Here’s some thoughts I have on the Calories In/Calories Out (CICO) model.
The CICO perspective has value but I think where Fung’s contribution worked for me and others was the role of Insulin in weight gain and carbs being the driving force in Insulin Resistance. Combining Low Carb with Intermittent Fasting made for easy compliance. The reduction of Insulin levels over extended periods of time frees the body to release body fat. The release of body fat reduces the need for calories from the diet since part of the fuel that body needs comes from the body rather than meals.
I see Fung’s advice as focused on his patient population which as a kidney doctors is many older diabetic patients. He found that his patients were compliant with Intermittent Fasting and Low Carbohydrate diets. Probably much more so than the standard population because they were seeing a kidney doctor to begin with. Faced with the possibility of failing kidneys or eating OMAD/Low Carb the alternative seems pretty bad.
Also, there are differences in body composition between various diets. Some are more effective than others at shifting the lean mass/fat mass proportions. http://www.ergo-log.com/paleo-diet-makes-fat-cells-lazy.html
I think they do matter but not so much at the start of the diet. Eventually we have to pay attention to them when we stall with lazy keto. But I got from 285 to around 220 with being completely lazy keto. Never would have reached goal weight, though.
Put another way when we have 100 lbs of body fat that’s 3100 calories a day of fat we can easily pull from our fat stores. Easy to do a caloric “deficit” since we have plenty of surplus to draw from in our bodies.
I’ve been looking into the three compartment theory of diabetes and it seems to have legs to me. First our body’s fat cells fill up. Then our liver fills up with fat. Last our pancreas gets choked with fat which keeps us from making enough Insulin. When that happens our fat backs up into our blood in the form of very high triglycerides. When I was Dx with T2D my triglycerides were over 5000. In fact, they couldn’t get an assay on the number since it was too high. Putting someone on Insulin gets them over that by allowing the fat cells to get even fatter. I gained 50 lbs when the doctor put me on Insulin and my diet was not any different.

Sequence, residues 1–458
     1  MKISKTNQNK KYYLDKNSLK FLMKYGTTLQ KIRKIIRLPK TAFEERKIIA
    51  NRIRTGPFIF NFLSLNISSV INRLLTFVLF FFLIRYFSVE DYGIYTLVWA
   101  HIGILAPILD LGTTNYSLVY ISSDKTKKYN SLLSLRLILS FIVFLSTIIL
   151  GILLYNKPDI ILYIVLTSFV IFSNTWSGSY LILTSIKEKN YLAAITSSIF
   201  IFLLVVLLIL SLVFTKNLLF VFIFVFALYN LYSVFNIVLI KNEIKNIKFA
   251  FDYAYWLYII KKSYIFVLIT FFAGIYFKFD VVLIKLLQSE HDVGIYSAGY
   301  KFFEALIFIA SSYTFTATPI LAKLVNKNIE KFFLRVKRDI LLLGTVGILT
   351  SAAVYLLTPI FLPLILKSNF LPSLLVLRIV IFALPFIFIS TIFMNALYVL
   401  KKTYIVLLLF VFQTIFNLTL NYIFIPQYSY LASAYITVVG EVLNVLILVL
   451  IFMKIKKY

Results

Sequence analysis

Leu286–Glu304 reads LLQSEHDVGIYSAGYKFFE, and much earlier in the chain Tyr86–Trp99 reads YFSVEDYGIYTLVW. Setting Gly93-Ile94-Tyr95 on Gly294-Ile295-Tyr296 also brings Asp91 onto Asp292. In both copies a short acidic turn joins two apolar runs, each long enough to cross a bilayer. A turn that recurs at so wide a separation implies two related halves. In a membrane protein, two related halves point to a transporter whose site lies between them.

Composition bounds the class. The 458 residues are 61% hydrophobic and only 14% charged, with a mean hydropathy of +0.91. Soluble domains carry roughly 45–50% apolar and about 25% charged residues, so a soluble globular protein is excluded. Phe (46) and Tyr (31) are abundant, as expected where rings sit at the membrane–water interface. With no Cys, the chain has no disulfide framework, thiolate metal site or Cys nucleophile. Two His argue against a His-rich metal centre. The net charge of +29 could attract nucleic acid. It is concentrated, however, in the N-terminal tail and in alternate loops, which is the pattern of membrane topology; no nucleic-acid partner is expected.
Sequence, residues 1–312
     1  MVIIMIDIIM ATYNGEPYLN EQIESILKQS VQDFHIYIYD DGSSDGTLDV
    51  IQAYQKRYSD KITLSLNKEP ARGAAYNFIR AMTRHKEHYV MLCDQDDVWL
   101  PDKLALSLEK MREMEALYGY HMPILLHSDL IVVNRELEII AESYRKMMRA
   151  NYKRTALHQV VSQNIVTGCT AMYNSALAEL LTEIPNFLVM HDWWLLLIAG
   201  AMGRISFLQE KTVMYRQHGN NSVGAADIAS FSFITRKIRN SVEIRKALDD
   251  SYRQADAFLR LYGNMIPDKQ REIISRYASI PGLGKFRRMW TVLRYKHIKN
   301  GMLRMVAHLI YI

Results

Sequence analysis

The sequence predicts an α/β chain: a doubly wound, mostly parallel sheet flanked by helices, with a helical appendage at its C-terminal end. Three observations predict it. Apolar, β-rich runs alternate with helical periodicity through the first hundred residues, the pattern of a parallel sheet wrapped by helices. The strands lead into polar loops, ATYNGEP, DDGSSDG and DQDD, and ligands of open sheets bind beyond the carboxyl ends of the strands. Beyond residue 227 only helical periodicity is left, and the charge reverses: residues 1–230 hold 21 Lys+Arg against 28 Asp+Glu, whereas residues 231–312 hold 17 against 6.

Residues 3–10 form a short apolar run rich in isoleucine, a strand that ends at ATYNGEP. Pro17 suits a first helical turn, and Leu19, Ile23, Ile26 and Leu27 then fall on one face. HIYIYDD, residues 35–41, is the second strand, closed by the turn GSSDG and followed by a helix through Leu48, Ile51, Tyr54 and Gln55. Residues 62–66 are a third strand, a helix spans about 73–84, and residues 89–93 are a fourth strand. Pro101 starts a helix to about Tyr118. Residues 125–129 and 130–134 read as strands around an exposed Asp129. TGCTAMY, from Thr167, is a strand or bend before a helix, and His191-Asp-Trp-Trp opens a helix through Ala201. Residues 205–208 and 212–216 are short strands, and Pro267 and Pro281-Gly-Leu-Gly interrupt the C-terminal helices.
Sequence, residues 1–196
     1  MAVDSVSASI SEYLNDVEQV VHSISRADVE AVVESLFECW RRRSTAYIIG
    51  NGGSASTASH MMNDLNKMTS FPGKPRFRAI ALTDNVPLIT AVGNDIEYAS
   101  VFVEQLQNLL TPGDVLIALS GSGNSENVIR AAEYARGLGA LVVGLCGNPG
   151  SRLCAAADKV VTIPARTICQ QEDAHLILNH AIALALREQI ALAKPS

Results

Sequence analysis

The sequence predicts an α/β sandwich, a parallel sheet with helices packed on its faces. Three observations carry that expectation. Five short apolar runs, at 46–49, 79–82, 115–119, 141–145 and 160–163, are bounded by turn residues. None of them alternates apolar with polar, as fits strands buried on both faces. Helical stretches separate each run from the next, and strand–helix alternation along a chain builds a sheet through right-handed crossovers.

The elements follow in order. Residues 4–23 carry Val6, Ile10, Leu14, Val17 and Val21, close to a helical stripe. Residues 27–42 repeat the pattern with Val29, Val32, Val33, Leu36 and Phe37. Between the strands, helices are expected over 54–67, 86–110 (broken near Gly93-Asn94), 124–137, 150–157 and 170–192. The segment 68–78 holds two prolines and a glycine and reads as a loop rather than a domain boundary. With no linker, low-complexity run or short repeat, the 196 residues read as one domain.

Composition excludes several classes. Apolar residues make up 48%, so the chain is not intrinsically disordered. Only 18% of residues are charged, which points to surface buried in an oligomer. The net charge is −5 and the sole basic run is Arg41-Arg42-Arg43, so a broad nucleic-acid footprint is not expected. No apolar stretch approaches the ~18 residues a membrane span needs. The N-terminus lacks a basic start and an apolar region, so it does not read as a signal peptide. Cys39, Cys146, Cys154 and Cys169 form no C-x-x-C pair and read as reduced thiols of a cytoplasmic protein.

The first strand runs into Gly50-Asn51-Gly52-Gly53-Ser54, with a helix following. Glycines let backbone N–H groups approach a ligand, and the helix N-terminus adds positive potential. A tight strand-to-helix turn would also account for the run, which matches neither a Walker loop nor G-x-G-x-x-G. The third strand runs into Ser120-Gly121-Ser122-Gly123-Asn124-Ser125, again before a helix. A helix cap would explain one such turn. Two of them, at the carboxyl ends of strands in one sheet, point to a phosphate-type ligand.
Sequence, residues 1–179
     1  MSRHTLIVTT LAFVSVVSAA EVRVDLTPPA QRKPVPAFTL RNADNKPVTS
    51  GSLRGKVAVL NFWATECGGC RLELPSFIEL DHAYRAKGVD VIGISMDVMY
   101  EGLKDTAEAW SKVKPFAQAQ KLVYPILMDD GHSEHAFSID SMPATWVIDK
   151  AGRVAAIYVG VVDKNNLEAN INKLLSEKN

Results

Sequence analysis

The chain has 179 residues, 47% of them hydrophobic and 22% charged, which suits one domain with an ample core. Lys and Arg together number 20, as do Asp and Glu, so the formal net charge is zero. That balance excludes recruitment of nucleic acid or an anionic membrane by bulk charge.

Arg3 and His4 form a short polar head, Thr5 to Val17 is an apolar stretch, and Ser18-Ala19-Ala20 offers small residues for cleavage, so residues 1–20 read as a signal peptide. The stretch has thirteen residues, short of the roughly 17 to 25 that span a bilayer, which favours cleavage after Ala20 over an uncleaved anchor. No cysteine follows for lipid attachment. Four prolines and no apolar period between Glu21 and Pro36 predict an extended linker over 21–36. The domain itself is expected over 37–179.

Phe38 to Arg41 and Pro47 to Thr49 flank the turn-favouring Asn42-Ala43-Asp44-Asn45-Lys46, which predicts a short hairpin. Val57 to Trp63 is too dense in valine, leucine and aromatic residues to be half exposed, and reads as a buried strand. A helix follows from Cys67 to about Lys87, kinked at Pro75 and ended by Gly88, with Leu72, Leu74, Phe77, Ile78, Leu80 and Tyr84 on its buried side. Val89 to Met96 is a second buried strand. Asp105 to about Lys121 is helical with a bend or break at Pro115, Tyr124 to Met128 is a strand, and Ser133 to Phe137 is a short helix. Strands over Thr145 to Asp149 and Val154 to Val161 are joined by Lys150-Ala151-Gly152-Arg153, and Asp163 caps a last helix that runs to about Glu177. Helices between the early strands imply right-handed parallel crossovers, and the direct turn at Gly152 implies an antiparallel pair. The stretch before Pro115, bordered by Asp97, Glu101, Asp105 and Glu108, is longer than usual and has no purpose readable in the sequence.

This has application in this situation since the fat cells stay locked closed due to high Insulin. There are studies which show CICO doesn’t exactly apply in these cases. Diabetics take more Insulin and eat less calories but still gain weight. There’s a strong relationship with Insulin and body fat.
Intermittent fasting and Low Carb break that relationship by lowering basal Insulin levels and allow the liver to begin dumping the fat. That only takes about a week. The pancreas gets less fatty within 2 weeks and the body’s fat cells drop thereafter.
To me the key is the role of Insulin and that’s Fung’s “contribution”. He’s not a researcher but applied what he learned in the clinical setting.
Bottom line is that if someone is Type 2 Diabetic they can get off meds very quickly by following Fung’s approach of Intermittent Fasting and Low Carb. They can learn to count calories/macros later on when they stall if they want to get lower in weight (and some of them may not care about their weight, they just want to be no longer diabetic).
The reason I think CICO matters later on is that our hormones, particularly Insulin, get in order and then the standard model applies.
There are studies which also show CICO is not matched by the data. For example: https://academic.oup.com/jcem/article/88/4/1617/2845298
The mechanism of the enhanced weight loss in the very low carbohydrate diet group relative to the low fat diet group is not clear. Based on dietary records, the reduction in daily caloric intake was similar in the two groups. For the greater weight loss in the very low carbohydrate group to be strictly a result of decreased caloric consumption, they would have had to consume approximately 300 fewer calories/d over the first 3 months relative to the low fat diet group.
I think Protein is the power multiplier between Low Carb and SAD. In part it has something to do with the Thermic Effect of Food with Protein using about 25% of the calories to process and fat and carbs being much less. So Calories in and Calories out need to take into account the source of the calories.
I’m eating about 2800 calories a day now on Carnivore diet with around 280g of Protein a day. Far in excess of my “Needs”. Some of that we just eliminate as Urea – again outside of the CICO model.
Or maybe the CICO model is just really, really complicated compared to what we see on the standard calculators?
My guess is that the standard calculations for BMR and TDEE are inherently based on the SAD macro ratios. They don’t correct for overconsumption of protein nor do they correct for underconsumption of carbohydrates. They don’t take into account hormonal factors either nor medications such as Insulin.
They are good first order approximations. Eat and track macros and by extension calories. Watch the scale. If you are gaining you need to cut back. If you are maintaining then things are set pretty close. If you want to lose you need to cut.
In my case my methodology is:
Less than 20 g of carbs
At least 1 gram of protein per lb of Lean Body Mass
Enough fat to fill the gap between the first 2 and what I want to lose.
Here’s the calculator I wrote to calculate macros.